By Chris Prentice
WASHINGTON (Reuters) -Capital One Chief Executive Officer Richard Fairbank was hit with a $637,950 civil penalty to settle charges he broke U.S. antitrust laws when he failed to report stock compensation in 2018, the Federal Trade Commission said on Thursday.
Fairbank initially failed to report receiving more than 100,000 shares of the company’s stock that year, violating a law that requires companies and individuals to report such large transactions to the U.S. Federal Trade Commission and Department of Justice. The CEO corrected the error in December 2019, the FTC said in a statement.
The compensation boosted his holdings to $168 million in 2018 and followed two prior instances in which Fairbank did not comply with the same law, the FTC said in a statement.
Fairbank failed to comply with the same requirements in 1999 and 2004, saying in a 2008 correction that they were inadvertent. At the time, the FTC gave him a “free pass” and he did not pay any penalty for the wrongdoing, the statement said.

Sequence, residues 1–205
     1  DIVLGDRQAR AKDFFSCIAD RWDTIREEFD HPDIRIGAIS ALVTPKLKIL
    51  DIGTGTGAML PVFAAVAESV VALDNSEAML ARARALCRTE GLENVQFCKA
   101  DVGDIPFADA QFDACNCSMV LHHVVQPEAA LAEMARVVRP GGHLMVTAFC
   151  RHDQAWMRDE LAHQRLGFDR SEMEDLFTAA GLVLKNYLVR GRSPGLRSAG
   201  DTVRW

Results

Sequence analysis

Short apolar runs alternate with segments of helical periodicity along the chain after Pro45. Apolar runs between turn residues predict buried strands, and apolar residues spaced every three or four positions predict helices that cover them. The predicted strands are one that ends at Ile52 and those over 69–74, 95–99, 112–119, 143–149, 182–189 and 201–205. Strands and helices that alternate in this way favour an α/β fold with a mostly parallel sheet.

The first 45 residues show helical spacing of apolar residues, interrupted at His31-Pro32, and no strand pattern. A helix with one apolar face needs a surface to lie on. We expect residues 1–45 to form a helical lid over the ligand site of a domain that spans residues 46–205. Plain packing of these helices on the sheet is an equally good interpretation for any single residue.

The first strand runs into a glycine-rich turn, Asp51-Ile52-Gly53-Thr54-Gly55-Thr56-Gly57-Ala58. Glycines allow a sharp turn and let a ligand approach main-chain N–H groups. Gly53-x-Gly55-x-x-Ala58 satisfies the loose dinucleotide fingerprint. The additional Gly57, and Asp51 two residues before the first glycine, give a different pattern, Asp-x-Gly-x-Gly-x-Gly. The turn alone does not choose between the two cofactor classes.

“As the CEO of one of America’s largest banks, Richard Fairbank repeatedly broke the law,” said Holly Vedova, acting director of the FTC’s Bureau of Competition. “There is no exemption for Wall Street bankers and powerful CEOs when it comes to complying with our country’s antitrust laws.”
A Capital One spokesperson said the failure to report was the result of an administrative error by Fairbank’s law firm, which agreed to pay the full amount of the fine.
Unlike many other chief executive officers, Fairbank earns no salary and is paid primarily in company stock. His compensation totaled $20.1 million last year, which included $16.8 million in stock awards and a $3 million bonus, according to a company filing.
(Additional reporting by Jonathan Stempel and Lisa Lambert; Editing by Mark Porter and Dan Grebler)